02-16-2012, 01:00 AM
      #16
    Showing
    Oh my..

    I wish I could ask my horse to stop and he'd listen. Transitions are great, both up and down (though canter is a bit rough..) Stopping?? Oh heck no. You could knit a sweater and grow your very own beard before he stopped!

    He does this really weird walking 0.4 miles an hour "shuffle".. and then 3 minutes later he'll stop. No matter how much pressure you put on the reins.

    It's such a weird concept to him, standing still, slowing down, not running for his life..

    Maybe when I get back he'll be better at it. I never did learn how to properly stop so I've just been kind of sitting up taller but sinking down, stopping motion in my hips and slowly close my fingers around the reins. And I know he's paying attention... but I don't think he knows what I mean. Even if I say ho, he won't do it. Even on the ground, I always have to step in front of his shoulder to get him to stop.

    And obviously me hauling on the reins doesn't help the situation at all.. but when he does stop, it's a beautiful square ASAP halt. But it rarely happens!
         
        02-16-2012, 01:06 AM
      #17
    Trained
    They are certainly very different disciplines, hence I'd love to give it a go. I do like to get a feel for what other people do, I think doing the same thing day in day out gives you quite a narrow mind on your riding. So though I am a dressage rider through and through, I am a bit of a thrill seaker as well! I love nothing more than taking my horses out to the beach or through the forrest and going for a mad gallop. Can't beat the adrenelin rush :)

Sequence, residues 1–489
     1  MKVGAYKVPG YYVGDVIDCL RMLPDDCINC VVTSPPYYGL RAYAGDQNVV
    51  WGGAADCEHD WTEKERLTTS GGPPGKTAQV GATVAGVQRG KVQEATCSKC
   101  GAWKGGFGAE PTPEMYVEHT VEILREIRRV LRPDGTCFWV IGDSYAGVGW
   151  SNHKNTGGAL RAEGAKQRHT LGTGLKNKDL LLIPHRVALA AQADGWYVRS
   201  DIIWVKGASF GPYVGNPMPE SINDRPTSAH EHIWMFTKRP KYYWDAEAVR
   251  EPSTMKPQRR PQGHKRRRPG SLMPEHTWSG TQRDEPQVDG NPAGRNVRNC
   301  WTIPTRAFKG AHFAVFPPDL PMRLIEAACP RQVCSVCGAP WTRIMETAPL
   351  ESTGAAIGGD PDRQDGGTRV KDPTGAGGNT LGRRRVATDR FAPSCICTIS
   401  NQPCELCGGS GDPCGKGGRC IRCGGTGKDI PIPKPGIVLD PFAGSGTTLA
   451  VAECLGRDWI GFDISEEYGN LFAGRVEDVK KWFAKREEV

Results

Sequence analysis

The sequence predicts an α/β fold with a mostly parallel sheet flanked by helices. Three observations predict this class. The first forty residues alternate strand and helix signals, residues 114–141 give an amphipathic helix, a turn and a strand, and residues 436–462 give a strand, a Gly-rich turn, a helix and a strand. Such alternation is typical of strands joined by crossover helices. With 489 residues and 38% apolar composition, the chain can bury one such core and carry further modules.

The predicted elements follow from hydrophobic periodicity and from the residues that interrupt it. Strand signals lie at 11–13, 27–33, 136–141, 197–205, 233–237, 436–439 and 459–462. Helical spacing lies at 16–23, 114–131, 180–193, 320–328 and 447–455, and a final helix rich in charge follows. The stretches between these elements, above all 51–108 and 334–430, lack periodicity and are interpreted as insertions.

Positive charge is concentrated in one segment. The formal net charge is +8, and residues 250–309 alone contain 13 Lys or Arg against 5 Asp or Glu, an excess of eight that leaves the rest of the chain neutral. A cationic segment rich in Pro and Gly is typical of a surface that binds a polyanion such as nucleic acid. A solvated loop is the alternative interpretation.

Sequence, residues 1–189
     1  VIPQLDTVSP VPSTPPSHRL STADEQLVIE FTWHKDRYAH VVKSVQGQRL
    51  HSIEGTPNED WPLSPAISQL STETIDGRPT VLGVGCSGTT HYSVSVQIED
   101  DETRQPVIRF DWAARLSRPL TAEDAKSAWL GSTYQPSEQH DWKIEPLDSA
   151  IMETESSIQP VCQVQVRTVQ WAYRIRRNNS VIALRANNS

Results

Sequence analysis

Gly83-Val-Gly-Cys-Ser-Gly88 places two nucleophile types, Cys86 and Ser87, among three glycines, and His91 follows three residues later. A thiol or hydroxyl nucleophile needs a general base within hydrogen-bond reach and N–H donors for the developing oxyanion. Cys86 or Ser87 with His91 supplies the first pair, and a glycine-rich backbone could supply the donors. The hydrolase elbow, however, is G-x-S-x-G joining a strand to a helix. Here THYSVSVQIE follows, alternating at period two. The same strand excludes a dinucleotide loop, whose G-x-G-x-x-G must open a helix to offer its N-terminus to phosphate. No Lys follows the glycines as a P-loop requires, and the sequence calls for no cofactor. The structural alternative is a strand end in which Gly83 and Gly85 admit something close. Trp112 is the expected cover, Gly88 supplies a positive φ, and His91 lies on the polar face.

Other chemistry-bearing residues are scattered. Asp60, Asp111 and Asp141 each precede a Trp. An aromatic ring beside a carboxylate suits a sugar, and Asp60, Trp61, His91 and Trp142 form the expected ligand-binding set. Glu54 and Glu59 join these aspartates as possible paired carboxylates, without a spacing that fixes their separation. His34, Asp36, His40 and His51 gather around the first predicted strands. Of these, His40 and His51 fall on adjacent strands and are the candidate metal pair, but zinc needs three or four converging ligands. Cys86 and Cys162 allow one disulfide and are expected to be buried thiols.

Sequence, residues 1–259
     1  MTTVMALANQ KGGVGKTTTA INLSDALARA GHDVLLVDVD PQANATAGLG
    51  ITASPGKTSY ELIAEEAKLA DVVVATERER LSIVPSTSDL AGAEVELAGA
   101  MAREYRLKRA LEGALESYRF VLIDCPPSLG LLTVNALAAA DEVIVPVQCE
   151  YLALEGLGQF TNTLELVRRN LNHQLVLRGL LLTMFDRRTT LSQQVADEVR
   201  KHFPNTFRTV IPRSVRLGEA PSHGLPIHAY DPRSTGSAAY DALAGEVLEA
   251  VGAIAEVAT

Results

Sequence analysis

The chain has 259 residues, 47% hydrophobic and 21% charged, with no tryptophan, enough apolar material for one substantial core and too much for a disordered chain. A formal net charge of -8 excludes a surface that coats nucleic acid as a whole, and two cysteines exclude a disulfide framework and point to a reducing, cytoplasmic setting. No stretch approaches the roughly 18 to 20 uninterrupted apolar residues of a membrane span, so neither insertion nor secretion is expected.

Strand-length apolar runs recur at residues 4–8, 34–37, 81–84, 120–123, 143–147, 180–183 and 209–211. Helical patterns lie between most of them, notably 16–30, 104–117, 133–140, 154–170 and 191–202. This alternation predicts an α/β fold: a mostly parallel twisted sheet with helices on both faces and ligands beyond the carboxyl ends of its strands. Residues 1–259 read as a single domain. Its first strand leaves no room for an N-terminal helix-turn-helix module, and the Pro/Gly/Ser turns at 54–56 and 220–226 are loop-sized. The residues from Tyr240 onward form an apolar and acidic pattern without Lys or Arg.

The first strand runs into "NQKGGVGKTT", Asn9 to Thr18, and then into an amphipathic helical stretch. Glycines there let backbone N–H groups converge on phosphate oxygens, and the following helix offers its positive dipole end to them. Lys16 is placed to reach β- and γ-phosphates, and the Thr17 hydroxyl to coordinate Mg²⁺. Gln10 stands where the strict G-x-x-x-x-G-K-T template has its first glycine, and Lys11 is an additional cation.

Dressage I get a rush from, but a different type of rush. It feeds my perfectionist nature, and I get a great feeling of satisfaction in working for perfection. The same sort of satisfaction I get from doing a really good piece of art!

    Hmmmm you've got me keen to try my hand at something different now! I have never ridden in a western saddle... I've ridden breakers in an Aussie/Stock saddle, (that god for those knee blocks when they turn bronc! Sitting out tantrums in a dressage saddle certainly puts the wind up you :S
         
        02-16-2012, 01:15 AM
      #18
    Green Broke
    Quote:
    Originally Posted by Kayty    
    They are certainly very different disciplines, hence I'd love to give it a go. I do like to get a feel for what other people do, I think doing the same thing day in day out gives you quite a narrow mind on your riding. So though I am a dressage rider through and through, I am a bit of a thrill seaker as well! I love nothing more than taking my horses out to the beach or through the forrest and going for a mad gallop. Can't beat the adrenelin rush :)